Honest, and stallion-strong given decent food,
James Casey enjoyed wages' freedom,
working the railroads' steel streets,
shoving civilisation across the prairie
like a blind horse backing a wagon
through a glazier's yard.
They say he worked well.
But adrift in drink,
reefs of nightmare unkeeled his ship:
a drowning confusion of redcoats,
smoking crackle in the thatch,
children shrieking for impossible protection;
all hell scratching his eyes,
fury beyond bounds
pounding his hands to hammers,
the bitten-back spitting out,
hurling back and threefold
the shame of disempowerment.
Just an ordinary man, what was he to do,
the fury gone
and three men with it,
put to earth in coffins?
They say he makes a good soldier,
now at least he kills in peace.
A day of snow blew a stranger in,
as if guiding his bloodied moccasins
and soothing his cracked muttering.
In the lodge of Seeing Moon,
from his random sense
meaning fell like runes
Into her silent knowing.
At the breaking of winter's crucifixion,
his scarred feet leapt away to the path
like a bat to the air.
The tribe rolled slowly with the spring,
stretched its limbs for summer lands,
and the knowing shone again,
glint of a deep fish,
at the parting of bright flowers.
Torn tribes, flocks of startled birds,
signs from far off swept hard as hail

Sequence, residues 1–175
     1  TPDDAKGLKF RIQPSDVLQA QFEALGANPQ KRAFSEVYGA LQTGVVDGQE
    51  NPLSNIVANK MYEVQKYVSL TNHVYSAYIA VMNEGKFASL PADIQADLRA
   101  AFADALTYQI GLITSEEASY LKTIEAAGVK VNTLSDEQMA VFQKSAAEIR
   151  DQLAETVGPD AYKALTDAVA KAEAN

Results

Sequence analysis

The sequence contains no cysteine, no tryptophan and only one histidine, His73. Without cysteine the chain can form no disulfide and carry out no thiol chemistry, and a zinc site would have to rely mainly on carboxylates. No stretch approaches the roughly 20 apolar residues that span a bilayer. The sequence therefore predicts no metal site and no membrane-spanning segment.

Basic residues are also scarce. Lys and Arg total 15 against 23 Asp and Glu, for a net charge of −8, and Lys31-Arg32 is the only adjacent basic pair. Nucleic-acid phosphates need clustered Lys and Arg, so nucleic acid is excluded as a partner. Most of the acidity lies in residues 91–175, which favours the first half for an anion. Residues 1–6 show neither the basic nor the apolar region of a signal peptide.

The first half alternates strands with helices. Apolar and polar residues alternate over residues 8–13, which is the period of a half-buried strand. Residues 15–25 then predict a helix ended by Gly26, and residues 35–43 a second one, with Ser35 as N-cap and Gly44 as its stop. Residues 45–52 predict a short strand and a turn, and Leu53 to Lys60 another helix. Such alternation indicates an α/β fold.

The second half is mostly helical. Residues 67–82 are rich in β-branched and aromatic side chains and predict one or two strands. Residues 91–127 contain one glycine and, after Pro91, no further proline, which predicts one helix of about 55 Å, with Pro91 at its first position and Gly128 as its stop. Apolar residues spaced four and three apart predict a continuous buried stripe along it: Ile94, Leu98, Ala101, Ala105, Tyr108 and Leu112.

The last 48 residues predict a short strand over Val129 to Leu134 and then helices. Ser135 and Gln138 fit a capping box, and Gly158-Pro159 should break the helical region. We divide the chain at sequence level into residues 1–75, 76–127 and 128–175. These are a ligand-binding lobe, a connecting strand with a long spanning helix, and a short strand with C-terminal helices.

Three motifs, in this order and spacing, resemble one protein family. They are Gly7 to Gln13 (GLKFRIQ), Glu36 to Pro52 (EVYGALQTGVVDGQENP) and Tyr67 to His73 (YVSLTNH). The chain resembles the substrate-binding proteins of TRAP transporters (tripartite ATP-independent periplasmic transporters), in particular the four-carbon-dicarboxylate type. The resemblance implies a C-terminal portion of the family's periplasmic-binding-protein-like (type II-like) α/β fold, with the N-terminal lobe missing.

through wary summer.
Wounded pride laboured too dearly
over despair and revenge.
Amongst disbelief and confusion,
Seeing Moon watches, still as glass,
the knowing so deep, so heavy.
Autumn returns her people
to the wintering places,
but now, hand in hand with a wise child,
she follows only the seeing,
to a distant pool of confluence.
7. 400 years
The irresistible current of 1492,
now four hundred years old
and approaching delinquent maturity,
eddies to another focus.
In they spin, red world and white,
to a keyhole of history.
Above, a tornado scatters soul starwards,
while below a whirlpool drags down the dead.
Frayed Ghost Dancers,
limping Lakota families worn with war,
burdened with unanswered prayers,
stumble starving through midwinter fear
from wistful past to clenched future.
Their white flag flies,
a wounded bird in a winter wind,
and dying blood
freezes in the snow.
Four troops of 7th Cavalry,
bluecoat pony soldiers,
hungry to avenge Little Big Horn,
blue ants on the white land.
Evening conspires a meeting,
a time of surprising compassion:
shelter, food, medicine, warmth,
and the sly current sucks them in together
to the chosen spot
on the banks of Wounded Knee.
James Casey is here, sleeping,
tented in full uniform,
as ice swirls in the air
like the rain of Ireland
and settles all around like light.
Seeing Moon is here,
eyes reflecting lodge fires,
but so full of seeing
seeing is all:
the gathering of shades,
a soldier chief coming,
more pony soldiers,
the tribe all around,
uneasy as hell.
Words without meaning
struggle from somewhere in her head,
And James Casey starts as if shot.
Redcoats crash in,
the thatch is ablaze,
his children clutch his legs.
Yet through the flames .........